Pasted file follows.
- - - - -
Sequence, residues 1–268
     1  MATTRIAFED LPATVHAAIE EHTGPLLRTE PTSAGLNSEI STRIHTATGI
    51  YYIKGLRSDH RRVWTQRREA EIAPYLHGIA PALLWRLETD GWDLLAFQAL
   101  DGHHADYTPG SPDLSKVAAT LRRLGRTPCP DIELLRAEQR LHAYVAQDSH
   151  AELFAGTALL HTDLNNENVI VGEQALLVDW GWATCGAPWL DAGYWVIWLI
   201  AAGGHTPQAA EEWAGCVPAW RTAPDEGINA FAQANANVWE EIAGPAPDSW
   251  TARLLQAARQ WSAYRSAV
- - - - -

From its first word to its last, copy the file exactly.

Sequence, residues 1–268
     1  MATTRIAFED LPATVHAAIE EHTGPLLRTE PTSAGLNSEI STRIHTATGI
    51  YYIKGLRSDH RRVWTQRREA EIAPYLHGIA PALLWRLETD GWDLLAFQAL
   101  DGHHADYTPG SPDLSKVAAT LRRLGRTPCP DIELLRAEQR LHAYVAQDSH
   151  AELFAGTALL HTDLNNENVI VGEQALLVDW GWATCGAPWL DAGYWVIWLI
   201  AAGGHTPQAA EEWAGCVPAW RTAPDEGINA FAQANANVWE EIAGPAPDSW
   251  TARLLQAARQ WSAYRSAV